But, what about a Christian film for the restavus? Something a little less uber-preachy and painfully-predicatable. An alternative Christian movie. [1]

1. The Apostle (1997)

Robert Duvall as a Holy Ghost powered preaching and killing machine. Serious. Not a campy horror movie, but an earnest portrayal of deeply flawed man and his enduring heart for God. Sound familiar?

2.. Higher Ground (2011)


Finding and losing and then maybe finding your faith again can be a journey akin to Ulysses’ voyage home. Vera Farmiga’s directorial debut is heartfelt and sexy in ways that, I’m guessing, a lot of true believers can relate to.

3. The Last Temptation of Christ (1988)

Lots of biblical liberties, not the least of which is the “last temptation of Christ,” which investigates a good and decent version of humanity that Jesus walked away from in order to fulfill his father’s work.

4. The Trials of Ted Haggard (2009)

Seriously. I hated Ted Haggard. I laughed for days when he got outted as a gay-prostitute-loving-drug-addict. But he’s earned my sympathy and even some respect. His faith carries on. And he’s a humbler and quieter version of himself now, gently preaching a more authentic gospel.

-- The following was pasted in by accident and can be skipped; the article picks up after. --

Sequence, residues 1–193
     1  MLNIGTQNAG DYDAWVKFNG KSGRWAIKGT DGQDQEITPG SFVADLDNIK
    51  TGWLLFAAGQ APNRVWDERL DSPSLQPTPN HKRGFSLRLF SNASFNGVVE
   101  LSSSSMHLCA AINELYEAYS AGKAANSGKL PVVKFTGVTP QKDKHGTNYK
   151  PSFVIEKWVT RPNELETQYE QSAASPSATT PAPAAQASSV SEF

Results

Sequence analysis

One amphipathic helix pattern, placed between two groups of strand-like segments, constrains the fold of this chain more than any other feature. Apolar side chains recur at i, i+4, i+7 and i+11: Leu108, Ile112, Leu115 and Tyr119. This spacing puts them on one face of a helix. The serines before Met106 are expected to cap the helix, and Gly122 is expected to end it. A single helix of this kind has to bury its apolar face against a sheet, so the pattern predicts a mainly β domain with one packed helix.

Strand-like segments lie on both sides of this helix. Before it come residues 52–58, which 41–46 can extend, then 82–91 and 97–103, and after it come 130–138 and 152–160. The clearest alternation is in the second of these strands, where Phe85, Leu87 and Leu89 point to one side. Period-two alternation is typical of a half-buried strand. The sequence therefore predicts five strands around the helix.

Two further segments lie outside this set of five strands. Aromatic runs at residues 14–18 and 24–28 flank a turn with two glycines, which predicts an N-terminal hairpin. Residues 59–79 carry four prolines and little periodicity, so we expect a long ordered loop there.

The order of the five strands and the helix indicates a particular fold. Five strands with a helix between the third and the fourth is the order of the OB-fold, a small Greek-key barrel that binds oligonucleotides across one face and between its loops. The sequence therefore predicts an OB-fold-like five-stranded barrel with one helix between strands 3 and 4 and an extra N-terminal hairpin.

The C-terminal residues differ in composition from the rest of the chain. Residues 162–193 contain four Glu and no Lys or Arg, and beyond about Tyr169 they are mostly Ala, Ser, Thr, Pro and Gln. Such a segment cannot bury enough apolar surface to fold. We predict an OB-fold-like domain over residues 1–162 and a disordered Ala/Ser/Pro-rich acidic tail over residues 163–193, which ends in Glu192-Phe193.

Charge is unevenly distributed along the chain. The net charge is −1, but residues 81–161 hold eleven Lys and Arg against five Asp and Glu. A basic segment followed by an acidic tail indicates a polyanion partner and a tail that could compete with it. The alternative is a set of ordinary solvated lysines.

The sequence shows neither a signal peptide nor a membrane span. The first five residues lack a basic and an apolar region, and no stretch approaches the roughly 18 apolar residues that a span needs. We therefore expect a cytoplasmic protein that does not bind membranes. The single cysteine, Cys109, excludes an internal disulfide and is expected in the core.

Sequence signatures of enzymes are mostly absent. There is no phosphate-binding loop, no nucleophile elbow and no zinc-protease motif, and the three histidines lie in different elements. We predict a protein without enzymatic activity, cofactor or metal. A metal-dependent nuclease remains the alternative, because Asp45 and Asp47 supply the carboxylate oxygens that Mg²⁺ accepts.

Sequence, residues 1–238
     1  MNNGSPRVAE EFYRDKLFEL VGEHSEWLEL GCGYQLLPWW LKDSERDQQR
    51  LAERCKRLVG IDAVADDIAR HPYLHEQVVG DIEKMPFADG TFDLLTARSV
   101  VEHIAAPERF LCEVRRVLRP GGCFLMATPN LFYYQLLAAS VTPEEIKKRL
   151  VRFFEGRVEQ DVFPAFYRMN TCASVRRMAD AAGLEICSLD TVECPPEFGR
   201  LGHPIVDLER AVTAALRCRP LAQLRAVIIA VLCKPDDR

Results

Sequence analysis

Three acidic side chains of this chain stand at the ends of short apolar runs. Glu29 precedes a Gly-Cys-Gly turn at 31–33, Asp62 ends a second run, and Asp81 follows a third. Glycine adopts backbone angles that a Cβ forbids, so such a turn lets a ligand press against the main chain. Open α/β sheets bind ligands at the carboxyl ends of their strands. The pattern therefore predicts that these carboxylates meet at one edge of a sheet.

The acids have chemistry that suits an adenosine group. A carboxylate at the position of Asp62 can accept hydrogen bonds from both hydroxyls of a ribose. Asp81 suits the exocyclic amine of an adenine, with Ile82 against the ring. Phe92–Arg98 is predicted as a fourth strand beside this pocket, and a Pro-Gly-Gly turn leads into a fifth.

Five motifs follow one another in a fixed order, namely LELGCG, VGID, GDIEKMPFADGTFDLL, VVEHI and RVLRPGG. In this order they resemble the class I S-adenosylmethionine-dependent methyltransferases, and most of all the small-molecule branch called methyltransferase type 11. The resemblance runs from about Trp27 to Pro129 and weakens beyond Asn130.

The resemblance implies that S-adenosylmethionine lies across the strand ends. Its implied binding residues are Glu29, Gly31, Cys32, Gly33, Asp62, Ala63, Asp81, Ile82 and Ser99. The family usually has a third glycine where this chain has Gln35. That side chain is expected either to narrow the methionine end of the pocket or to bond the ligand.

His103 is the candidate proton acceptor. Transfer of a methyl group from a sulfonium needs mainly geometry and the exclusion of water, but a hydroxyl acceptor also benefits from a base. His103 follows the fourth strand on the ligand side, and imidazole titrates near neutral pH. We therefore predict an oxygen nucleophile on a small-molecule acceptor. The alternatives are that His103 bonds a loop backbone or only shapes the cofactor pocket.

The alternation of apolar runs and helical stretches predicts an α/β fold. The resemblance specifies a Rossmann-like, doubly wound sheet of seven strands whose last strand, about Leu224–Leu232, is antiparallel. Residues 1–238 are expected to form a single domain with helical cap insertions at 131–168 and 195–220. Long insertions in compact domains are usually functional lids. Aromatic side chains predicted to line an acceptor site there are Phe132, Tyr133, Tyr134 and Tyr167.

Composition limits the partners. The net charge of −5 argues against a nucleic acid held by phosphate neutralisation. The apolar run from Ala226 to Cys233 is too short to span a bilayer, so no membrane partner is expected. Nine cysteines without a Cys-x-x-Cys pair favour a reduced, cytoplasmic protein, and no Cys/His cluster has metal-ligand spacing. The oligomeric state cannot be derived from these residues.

5. Saved! (2004)


Should I have sex with my gay boyfriend in order to save him from gayness? Yep. That’s sort of the 2004 theological equivalent to: How many angels can dance on the head of pin? An absurd effort of twisting everything into theological rationalizations, instead of, you know, simply being a good person.

6. Jesus Camp (2006)

The only horror movie on this list. This documentary shows Becky Fischer’s Kid’s On Fire ministry emotionally manipulating children into becoming “God’s Army” and preparing them to do battle against “The Enemy” AKA Islam. BONUS: footage of Ted Haggard loudly and proudly proclaiming that hetero-married sex is the best(!) and gay sex is baaaaaaad.

7. The Man From Earth (2007)


What if there was an immortal man who was there when Jesus walked the earth? What could he tell us?

8. Doubt (2008)

A meditation on what it takes to maintain absolute certainty.

9. Dogma (1999)

A goofy, ridiculous, highjinks-infested supernatural thriller! And you’ve also got Alanis Morissette answering her own question: What if God were one of us?

10. Religulous (2008)


I’m sorry. I know. Bill Maher is at least as close-minded as the people he makes fun of. But, taken as a tour of strange and unusual contemporary religious practices, Religulous is a heck of an amusing ride.

Honorable Mention (AKA movies that I think I liked, but are just so dang old that I can’t remember what happened in them): The Mission (1986), Babette’s Feast (1987), The Prophecy (1995). Did I miss any?